1719g Occupational health services in latin american countries: brazil, paraguay and venezuela

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Abstract

The ILO Occupational Health Services Convention (No. 161) defines ‘occupational health services (OHS)’ as services entrusted with essentially preventive functions and responsible for advising the employer, the workers and their representatives in the undertaking on the requirements for establishing and maintaining a safe and healthy working environment which will facilitate optimal physical and mental health in relation to work and the adaptation of work to the capabilities of workers in the light of their state of physical and mental health.

The so-called work environment reform which took place in most of the industrialised countries in the 1970s and 1980s saw the production of important international instruments and guidelines. The developing and newly industrialised countries contain approximately 8 out of 10 of the world’s workers, however no more than 5% to 10% of this working population has access to adequate OHS. The Seoul Statement on the develpoment of OHS for all was adopted at the 31 st ICOH Seoul Congress held in 2015. They reflected the responses of occupational health policies to the new needs of working life, and the achievement of an international consensus on the development of OHS.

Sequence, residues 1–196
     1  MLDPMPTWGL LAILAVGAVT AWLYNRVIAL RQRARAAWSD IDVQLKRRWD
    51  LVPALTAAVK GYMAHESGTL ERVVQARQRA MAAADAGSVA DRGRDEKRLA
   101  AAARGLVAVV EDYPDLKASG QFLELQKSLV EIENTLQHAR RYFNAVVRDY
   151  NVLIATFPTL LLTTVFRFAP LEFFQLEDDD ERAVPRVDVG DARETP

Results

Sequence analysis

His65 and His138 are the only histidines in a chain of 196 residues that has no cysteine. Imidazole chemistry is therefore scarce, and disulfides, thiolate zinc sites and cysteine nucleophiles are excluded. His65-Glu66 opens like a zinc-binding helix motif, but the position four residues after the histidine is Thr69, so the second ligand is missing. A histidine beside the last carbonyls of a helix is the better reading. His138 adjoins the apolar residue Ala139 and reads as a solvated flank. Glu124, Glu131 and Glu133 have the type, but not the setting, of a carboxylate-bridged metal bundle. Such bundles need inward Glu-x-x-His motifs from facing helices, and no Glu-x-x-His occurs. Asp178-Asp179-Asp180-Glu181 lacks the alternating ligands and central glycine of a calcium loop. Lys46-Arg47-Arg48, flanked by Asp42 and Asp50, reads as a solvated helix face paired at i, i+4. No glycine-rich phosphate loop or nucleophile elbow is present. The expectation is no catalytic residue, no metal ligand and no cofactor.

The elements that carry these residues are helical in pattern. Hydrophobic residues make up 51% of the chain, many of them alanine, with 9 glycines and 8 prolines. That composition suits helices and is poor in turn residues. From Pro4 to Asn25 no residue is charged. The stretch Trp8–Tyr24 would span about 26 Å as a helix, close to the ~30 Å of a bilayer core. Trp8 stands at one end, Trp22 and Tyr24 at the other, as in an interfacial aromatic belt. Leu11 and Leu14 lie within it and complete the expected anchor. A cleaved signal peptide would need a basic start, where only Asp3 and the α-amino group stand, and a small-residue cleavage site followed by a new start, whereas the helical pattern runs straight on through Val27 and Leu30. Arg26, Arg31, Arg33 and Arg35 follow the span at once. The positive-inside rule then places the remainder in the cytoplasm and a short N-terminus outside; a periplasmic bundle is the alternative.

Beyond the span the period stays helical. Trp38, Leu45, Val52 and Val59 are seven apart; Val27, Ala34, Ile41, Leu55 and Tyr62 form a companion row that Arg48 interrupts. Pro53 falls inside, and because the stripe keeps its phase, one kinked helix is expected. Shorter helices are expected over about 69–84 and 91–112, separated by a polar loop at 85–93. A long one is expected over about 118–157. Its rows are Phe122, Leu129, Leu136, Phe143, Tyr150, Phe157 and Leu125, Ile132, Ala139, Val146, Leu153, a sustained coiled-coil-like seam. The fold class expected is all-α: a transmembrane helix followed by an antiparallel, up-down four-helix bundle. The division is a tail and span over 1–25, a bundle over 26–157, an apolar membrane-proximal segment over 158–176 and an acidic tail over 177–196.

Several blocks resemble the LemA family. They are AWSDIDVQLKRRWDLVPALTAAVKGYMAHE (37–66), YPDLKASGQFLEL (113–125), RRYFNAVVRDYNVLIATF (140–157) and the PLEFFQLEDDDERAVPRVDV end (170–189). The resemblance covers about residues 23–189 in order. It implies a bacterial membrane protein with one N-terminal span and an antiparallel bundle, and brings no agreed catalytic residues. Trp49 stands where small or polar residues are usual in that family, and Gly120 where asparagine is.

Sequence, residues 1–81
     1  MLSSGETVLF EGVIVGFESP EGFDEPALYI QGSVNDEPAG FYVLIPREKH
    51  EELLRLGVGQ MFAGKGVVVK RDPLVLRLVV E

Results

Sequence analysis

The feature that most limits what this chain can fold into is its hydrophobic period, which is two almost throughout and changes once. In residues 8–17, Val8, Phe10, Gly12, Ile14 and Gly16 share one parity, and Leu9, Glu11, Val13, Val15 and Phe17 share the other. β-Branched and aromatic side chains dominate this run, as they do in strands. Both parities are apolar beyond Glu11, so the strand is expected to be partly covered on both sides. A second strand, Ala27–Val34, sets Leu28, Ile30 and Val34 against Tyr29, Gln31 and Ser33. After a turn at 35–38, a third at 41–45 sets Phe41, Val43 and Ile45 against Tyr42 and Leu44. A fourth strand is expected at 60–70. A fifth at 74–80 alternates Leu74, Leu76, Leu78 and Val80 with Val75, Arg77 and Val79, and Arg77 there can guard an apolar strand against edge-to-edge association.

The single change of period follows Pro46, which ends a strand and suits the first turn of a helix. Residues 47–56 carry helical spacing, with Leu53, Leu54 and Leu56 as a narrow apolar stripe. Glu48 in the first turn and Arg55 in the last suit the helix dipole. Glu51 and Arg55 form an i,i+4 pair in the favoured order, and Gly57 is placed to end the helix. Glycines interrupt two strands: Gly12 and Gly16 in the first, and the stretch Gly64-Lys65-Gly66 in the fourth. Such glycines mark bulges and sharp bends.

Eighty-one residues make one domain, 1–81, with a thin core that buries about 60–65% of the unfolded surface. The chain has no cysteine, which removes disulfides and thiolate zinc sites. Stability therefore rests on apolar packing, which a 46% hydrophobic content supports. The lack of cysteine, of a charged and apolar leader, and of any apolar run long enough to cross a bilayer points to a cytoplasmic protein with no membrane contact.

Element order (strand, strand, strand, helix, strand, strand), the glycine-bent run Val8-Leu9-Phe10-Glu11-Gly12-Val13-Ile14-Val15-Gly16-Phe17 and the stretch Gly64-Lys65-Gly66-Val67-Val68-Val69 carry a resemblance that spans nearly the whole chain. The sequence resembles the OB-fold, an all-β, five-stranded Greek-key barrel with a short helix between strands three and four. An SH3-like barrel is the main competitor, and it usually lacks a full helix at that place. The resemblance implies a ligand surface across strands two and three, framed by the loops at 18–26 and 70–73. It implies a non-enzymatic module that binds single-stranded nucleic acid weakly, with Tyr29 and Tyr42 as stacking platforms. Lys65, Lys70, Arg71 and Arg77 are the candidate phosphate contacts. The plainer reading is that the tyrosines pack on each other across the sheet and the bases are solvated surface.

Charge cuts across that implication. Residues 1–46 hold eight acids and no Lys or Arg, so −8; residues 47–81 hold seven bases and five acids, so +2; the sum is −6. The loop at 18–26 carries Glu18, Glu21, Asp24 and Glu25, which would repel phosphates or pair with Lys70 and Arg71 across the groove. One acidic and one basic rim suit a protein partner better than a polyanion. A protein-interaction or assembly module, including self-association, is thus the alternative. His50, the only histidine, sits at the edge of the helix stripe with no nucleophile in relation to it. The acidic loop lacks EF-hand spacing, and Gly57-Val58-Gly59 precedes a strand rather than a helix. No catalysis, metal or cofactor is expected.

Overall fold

The author surveyed with a quentionaire to some Latin American countries and reviewed the ILO publication to follow the implentaton of the Seoul Statement. According to the survey, the need for effective occupational health services is growing rather than decreasing. The ILO instruments on occupational health services and the parallel WHO strategies provide a valid basis for the significant development of OHS, and should be used by each country as it sets policy objectives to ensure the health and safety of workers in the country.

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